CRG: New protagonist in cell reprogramming discovered

CRG: New protagonist in cell reprogramming discovered

News from CRG

The protein Nanog, a transcription factor, is key to maintaining stem cells in a pluripotent state. Researchers from the Centre for Genomic Regulation have been investigating the role of this protein, and have just published an article in the prestigious journal Cell Reports where they reveal the mechanism whereby Nanog acts. The scientists have discovered that Nanog involves other agents and they have been able to detail their dynamics. In particular, by studying another protein that is also involved in cell reprogramming (beta-catenin) they have been able to improve the knowledge of Nanog's functioning.

"We knew that Nanog was somehow involved in keeping stem cells pluripotent; now we know which mechanism it uses and we understand better how it works", explains Lucía Marucci, one of the authors of the work from the cell reprogramming and regeneration laboratory at the CRG, led by researcher Pia Cosma. "Studying this process has allowed us to discover not only Nanog's key role in reprogramming, but also the dynamics of another protein, known as beta-catenin. We now know that beta-catenin, just like Nanog, continuously fluctuates in the cell and does not only appear when reprogramming is activated", adds Elisa Pedone, co-author of the work from the same laboratory.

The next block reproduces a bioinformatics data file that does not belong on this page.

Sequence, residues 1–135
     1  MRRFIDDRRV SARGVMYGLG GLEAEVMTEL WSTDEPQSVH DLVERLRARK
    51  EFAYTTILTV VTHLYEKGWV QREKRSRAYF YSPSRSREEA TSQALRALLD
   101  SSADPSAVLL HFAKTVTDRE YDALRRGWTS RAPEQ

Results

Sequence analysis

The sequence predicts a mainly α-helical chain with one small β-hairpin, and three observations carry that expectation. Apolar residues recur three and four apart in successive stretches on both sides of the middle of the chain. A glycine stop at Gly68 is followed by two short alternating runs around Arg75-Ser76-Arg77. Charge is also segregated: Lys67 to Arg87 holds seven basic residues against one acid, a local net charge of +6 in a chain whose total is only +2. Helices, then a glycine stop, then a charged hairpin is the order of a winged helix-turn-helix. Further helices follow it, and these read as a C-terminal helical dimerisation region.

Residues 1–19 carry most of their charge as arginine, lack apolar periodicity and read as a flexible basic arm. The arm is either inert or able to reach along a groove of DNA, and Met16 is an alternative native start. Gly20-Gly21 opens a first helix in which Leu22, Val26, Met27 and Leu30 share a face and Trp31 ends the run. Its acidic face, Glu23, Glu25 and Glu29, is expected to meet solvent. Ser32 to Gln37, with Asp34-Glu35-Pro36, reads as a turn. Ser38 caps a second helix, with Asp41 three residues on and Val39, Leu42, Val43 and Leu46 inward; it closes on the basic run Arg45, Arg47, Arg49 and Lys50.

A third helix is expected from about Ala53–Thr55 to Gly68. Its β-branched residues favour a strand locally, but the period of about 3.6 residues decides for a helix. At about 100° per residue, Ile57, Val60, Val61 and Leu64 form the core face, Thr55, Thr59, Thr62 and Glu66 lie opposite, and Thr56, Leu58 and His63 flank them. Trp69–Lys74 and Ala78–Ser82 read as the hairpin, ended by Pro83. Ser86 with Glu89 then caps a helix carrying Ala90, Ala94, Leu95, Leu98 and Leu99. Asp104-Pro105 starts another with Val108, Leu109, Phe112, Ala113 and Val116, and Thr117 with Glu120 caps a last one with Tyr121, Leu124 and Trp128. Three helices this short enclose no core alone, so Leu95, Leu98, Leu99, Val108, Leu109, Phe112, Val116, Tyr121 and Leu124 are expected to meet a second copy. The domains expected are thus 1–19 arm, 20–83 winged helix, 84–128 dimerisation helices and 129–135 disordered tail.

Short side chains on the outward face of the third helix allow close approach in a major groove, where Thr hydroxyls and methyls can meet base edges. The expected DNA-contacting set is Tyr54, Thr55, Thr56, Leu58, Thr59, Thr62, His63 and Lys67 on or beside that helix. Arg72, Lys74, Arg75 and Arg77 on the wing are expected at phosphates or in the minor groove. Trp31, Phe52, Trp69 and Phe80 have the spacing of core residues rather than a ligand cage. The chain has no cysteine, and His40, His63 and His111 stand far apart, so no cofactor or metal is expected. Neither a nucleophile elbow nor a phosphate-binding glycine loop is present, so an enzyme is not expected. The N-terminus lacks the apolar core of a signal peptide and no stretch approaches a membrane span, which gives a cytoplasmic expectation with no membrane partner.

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Marucci et al., ß-Catenin Fluctuates in Mouse ESCs and is Essential for Nanog-mediated Reprogramming of Somatic Cells to Pluripotency, Cell Reports (2014), DOI